Symptoms of West Nile Virus

West Nile Virus Update

A truck spraying pesticides to control mosquitoes.
It is important to control mosquitoes to stop the spread of West Nile virus infections. Justin Sullivan/Getty Images

Although children are thought to be at low risk from the West Nile Virus, it is important to know the symptoms if your child gets sick and has recently had a mosquito bite. Remember that many of the symptoms of the West Nile Virus are shared by many of the more common and less serious viral infections that can infect children.

Symptoms of West Nile Virus

It will likely come as a surprise to many people that up to 80% of West Nile virus infections are asymptomatic - they cause no symptoms at all.

Only about 20 percent of people who become infected with West Nile virus will develop West Nile virus symptoms, which can include:

These symptoms are usually mild and might last a few days or a few weeks, although some people may remain fatigued for several months.

More rarely, people who get infected with West Nile virus can have more severe disease neuroinvasive disease, such as West Nile encephalitis or meningitis, with severe symptoms that can include high fever, headache, neck stiffness, stupor, disorientation, coma, tremors, seizures, muscle weakness, vision loss, numbness and paralysis. Although neuroinvasive disease can occur in people of any age, people over age 50 and people with immune system problems are at the highest risk.

What To Know About West Nile Virus Infections

Other things to know about West Nile virus infections include that:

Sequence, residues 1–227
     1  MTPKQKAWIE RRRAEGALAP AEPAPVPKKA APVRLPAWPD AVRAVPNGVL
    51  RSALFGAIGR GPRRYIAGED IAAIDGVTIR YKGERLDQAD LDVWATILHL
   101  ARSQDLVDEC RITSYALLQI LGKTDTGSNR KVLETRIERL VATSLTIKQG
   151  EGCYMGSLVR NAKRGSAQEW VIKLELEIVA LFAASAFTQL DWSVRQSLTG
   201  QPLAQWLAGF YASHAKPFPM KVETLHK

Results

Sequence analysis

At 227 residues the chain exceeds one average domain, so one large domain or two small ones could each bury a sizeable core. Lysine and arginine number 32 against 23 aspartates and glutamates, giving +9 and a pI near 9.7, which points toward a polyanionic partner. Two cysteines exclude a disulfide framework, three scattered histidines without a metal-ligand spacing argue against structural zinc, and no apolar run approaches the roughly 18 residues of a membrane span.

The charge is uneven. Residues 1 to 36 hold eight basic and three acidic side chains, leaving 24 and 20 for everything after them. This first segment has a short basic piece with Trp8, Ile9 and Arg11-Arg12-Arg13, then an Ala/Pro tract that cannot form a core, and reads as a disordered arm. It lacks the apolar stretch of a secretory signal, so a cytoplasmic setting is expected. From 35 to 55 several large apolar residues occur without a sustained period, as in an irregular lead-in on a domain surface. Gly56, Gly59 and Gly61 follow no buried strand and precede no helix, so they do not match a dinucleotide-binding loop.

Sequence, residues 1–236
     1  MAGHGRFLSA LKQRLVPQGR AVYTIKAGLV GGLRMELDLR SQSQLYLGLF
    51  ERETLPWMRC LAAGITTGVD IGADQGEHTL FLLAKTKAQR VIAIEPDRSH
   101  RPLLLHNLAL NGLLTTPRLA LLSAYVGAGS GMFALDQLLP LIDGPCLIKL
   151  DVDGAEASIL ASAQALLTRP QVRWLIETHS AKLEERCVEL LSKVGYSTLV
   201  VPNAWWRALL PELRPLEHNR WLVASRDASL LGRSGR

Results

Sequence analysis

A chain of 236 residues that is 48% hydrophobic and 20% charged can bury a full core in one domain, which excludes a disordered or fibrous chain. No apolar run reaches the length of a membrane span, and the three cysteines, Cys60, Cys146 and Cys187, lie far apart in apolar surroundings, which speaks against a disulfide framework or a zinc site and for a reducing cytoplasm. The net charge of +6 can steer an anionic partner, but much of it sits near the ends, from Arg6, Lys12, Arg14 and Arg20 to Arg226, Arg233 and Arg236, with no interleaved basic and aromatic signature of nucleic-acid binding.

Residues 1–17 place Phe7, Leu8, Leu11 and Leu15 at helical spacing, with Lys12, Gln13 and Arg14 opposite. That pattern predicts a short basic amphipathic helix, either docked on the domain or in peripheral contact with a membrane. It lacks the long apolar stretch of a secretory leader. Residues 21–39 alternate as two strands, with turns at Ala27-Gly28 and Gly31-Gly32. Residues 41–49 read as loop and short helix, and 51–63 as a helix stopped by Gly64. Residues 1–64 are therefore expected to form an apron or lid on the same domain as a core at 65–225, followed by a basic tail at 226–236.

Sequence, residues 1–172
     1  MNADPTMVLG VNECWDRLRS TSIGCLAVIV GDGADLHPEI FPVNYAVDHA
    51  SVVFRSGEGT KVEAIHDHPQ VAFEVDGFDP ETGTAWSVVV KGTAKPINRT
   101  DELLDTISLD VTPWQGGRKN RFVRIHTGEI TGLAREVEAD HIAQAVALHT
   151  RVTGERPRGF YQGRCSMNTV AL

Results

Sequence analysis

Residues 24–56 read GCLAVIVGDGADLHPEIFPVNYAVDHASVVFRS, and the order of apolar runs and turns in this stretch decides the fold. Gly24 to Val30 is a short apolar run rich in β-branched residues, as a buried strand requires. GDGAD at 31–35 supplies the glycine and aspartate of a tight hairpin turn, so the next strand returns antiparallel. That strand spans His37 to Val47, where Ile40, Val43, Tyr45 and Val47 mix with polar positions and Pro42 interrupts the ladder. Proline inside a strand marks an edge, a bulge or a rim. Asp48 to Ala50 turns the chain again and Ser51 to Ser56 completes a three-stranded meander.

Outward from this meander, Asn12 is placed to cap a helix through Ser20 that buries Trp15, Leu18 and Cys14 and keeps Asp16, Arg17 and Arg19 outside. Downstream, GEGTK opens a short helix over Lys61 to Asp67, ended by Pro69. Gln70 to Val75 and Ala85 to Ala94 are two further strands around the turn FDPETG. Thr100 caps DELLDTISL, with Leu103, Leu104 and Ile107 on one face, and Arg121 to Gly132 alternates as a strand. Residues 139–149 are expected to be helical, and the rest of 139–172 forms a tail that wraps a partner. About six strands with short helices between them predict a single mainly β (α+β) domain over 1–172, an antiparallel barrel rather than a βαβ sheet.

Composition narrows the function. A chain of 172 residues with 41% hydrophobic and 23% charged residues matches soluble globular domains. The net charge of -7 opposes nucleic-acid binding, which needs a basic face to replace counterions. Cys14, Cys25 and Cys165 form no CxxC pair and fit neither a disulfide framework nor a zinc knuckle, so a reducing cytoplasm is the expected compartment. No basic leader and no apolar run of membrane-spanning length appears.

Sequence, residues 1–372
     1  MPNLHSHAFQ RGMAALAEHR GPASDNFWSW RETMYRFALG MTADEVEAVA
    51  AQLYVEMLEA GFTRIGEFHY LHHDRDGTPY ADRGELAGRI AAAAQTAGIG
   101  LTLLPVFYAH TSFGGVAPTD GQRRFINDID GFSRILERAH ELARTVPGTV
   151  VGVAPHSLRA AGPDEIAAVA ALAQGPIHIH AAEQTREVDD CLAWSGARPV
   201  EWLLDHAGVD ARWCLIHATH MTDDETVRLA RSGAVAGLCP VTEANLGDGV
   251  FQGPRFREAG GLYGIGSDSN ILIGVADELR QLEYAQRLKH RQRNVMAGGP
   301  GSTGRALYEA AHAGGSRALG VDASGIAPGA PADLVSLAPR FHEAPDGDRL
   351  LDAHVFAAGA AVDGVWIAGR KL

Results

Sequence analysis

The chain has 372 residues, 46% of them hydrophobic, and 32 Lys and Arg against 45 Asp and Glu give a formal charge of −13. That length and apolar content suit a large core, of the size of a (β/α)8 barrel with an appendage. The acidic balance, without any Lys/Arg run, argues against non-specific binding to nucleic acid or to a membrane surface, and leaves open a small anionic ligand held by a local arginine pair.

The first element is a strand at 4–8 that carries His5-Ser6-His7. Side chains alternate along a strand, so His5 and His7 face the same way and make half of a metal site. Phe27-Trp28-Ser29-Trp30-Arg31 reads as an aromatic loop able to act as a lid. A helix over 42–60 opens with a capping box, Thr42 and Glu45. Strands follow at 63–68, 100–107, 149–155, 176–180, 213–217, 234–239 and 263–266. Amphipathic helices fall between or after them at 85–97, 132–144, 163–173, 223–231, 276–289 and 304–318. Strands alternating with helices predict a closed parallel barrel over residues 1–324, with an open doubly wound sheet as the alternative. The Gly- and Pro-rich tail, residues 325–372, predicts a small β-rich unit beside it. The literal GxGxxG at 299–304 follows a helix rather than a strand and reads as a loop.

• The incubation period for West Nile disease is usually about 2 to 14 days. That's the time from when you are bitten by an infected mosquito to when you might develop West Nile virus disease symptoms.
  • There is no specific vaccine, treatment, or cure for West Nile virus infections.
  • In general, experts do not recommend routine testing for West Nile virus, even if you have mild symptoms. Testing is usually reserved for those with more severe symptoms.
  • West Nile virus is not contagious and can't be spread through casual contact with other people.
  • West Nile virus season typically peaks in mid-August and continues though October.

And be sure to take precautions to protect your kids from the West Nile virus, including that they use insect repellent, wear protective clothing and that you empty standing water around your home so that mosquitoes can't breed easily.


CDC. West Nile Virus Clinical Evaluation & Disease. Accessed May 2016.

Ferguson et al. Characteristics of the Rash Associated with West Nile Virus Fever. Clinical Infectious Diseases. Volume 41, Issue 8. pp. 1204-1207.

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